Paper and Iron: Hamburg Business and German Politics in the Era of Inflation, 1897-1927

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Overview

Few economic events have had a more profound or enduring impact than the German hyperinflation of 1923, still remembered popularly as a root cause of Hitler's rise to power. Yet in recent years many historians have argued that inflationary policies were, on balance, advantageous to post-1918 Germany, both boosting growth and helping to reduce reparations. The scholarly consensus is that there was no viable alternative to inflation. In Paper and iron Niall Ferguson takes a different view. Focusing on the influential Hamburg business community, he exposes the flaws in the contemporary justifications for inflationary policies. The inflation, he argues, did severe damage to the German economy by eroding the foundations of bourgeois society and discrediting Weimar's welfare state. Above all, it did nothing whatever to reduce reparations. Alternative policies might in fact have stabilised the German currency in 1920. To explain why such policies were not adopted, the author points to long-term defects in the political economy of the Reich. He suggests that there was a thirty-year 'era of inflation' after 1897 in which the inadequacy of the Reich's fiscal and monetary institutions allowed economic interest groups to wield excessive power. This internal imbalance of power was reversed only in the 1930s. Thus Paper and iron reveals not only the Wilhelmine origins of Weimar's failure; it also casts new light upon the origins of the Third Reich.
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Editorial Reviews

From the Publisher
"...Ferguson makes a valuable contribution to the historiography of German inflation....a valuable reassessment of long-term inflationary pressures in German history." The Historian

"This thoroughly researched and well-written study is a sophisticated substantiation of earlier analyses that pointed out the destructive effects of hyperinflation on Germany." Choice

"This superb work offers revisions of a good deal of previous scholarship on Germany in the late Wilhelminian and the Weimar eras. Future studies of German history in this crucial period will have to take Paper and Iron into account." Michael Richards, German Life

"Niall Ferguson makes a valuable contribution to the historiography of German inflation by recasting the history of the inflation of the early 1920s...This book serves as a useful model for analysis of the relationships between different levels of government. Moving between the world of Hamburg's upper bourgeoisie and the German central government, Paper and Iron provides a valuable reassessment of long-term inflationary pressures in German history." The Historian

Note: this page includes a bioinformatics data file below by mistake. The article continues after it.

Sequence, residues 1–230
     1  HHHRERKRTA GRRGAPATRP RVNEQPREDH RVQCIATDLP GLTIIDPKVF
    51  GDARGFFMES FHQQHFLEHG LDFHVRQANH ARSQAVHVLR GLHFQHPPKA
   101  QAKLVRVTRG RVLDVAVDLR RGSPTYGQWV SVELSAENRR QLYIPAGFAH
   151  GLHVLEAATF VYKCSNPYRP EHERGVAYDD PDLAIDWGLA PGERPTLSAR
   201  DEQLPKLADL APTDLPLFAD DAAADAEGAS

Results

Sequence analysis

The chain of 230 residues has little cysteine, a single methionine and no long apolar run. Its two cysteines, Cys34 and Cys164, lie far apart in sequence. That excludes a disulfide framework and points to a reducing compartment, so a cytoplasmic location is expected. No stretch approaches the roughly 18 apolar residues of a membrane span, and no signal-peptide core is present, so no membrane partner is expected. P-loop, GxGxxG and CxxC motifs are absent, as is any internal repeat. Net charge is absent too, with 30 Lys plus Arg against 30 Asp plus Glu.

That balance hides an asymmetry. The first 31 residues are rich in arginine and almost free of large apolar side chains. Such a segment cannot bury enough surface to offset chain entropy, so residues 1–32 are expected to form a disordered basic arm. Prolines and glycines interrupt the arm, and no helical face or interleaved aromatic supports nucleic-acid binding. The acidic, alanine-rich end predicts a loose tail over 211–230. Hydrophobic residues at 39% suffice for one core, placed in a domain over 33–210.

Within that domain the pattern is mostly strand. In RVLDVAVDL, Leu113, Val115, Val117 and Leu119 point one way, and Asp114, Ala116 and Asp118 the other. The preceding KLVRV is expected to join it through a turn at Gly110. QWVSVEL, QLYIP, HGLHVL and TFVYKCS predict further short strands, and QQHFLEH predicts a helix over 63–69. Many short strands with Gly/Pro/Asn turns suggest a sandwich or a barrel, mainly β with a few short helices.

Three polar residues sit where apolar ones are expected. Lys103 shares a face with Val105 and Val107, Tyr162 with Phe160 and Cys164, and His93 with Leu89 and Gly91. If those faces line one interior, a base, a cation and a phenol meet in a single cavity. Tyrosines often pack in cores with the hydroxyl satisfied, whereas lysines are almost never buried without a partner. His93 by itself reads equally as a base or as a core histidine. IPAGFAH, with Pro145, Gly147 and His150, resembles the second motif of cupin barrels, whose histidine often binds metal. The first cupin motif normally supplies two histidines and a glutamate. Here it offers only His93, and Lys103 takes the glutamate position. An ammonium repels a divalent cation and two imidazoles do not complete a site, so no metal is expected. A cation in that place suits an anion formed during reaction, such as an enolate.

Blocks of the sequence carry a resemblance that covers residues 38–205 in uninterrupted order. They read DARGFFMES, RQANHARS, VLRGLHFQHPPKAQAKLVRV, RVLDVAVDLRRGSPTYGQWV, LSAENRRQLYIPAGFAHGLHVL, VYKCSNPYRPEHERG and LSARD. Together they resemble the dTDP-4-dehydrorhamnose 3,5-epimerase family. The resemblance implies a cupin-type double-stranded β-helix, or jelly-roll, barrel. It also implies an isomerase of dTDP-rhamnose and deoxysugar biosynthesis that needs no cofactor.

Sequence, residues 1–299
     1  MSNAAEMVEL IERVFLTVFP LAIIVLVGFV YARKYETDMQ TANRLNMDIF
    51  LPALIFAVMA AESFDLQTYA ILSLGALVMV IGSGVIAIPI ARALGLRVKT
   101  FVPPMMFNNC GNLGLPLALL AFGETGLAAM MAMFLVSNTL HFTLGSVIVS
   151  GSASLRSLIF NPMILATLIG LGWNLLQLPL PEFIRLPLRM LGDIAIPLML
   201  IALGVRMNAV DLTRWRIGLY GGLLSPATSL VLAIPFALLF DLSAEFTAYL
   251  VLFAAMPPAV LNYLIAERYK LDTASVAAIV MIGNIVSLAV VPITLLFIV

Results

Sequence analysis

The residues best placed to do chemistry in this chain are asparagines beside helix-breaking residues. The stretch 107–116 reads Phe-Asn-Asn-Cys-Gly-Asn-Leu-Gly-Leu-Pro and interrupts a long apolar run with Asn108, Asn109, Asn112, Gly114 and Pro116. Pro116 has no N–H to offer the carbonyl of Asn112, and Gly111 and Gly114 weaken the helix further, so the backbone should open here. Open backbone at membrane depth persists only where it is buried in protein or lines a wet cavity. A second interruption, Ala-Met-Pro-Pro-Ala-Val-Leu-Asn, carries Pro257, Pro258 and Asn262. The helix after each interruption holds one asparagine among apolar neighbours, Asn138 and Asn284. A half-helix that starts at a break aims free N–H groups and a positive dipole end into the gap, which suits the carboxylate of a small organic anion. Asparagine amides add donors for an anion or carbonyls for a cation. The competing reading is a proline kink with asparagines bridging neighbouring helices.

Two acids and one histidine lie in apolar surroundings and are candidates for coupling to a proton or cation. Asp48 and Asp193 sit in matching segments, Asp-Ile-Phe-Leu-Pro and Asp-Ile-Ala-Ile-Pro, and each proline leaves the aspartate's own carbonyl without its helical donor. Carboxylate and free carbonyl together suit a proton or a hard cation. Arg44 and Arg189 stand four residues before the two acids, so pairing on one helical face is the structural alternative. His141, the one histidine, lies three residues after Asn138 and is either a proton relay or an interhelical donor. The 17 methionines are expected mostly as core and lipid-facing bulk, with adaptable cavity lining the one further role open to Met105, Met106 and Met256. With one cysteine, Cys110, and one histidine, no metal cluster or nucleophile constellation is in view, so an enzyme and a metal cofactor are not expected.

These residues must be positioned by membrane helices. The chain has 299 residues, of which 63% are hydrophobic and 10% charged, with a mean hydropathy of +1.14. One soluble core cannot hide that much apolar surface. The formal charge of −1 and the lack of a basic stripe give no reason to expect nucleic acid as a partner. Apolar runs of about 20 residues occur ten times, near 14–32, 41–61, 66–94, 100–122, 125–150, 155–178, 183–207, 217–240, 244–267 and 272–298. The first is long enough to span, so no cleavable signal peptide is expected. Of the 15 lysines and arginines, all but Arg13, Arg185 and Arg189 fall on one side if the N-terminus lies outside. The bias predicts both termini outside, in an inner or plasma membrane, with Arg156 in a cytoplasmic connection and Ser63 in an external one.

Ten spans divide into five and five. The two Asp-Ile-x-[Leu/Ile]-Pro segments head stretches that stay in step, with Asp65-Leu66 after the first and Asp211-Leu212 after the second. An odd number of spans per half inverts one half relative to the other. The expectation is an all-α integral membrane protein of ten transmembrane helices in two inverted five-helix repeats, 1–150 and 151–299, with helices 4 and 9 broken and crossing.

"This stimulating and elegantly conceived book skillfully links three major themes-the history of German finance, an analysis of the role of Hamburg in German ,political and economic life, and an examination of Max Warburg, the great Hamburg banker, and of his central role in German financial decision making in the early 1920's." Harold James, Journal of Interdisciplianry History

"There is little doubt that for years to come Paper and Iron will remain one of the most important contributions to the existing body of literature on the economic and political history of the German inflation." Larry Eugene Jones,German Studies Review

"Ferguson's counterfactual produces powerful insights that deserve careful consideration and further investigation..." Gerald D. Feldman, Central European History

"This well-written, imaginative, and lively account, the author's first book, desrves scrutiny by every serious student of Weimar's business, political, and financial history." Elisabeth Glaser, Business History Review

"...a new perpective on one of Germany's major economic centers during the pre-war and Weimar eras." Rebecca S. Fahrlander, The European Studies Journal

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Product Details

  • ISBN-13: 9780521894227
  • Publisher: Cambridge University Press
  • Publication date: 11/7/2002
  • Pages: 553
  • Sales rank: 976,189
  • Product dimensions: 5.98 (w) x 8.98 (h) x 1.22 (d)

Table of Contents

List of figures
Preface
List of abbreviations
Introduction 1
1 Golden years 31
2 The sinews of war 93
3 The political economy of revolution 152
4 Versailles and Hamburg 198
5 Relative stabilisation 269
6 The failure of 'fulfilment' 310
7 Dissolution and liquidation 364
8 The legacy of the inflation 408
Epilogue: Hitler's inflation 463
Appendix 477
Bibliography 479
Index 528
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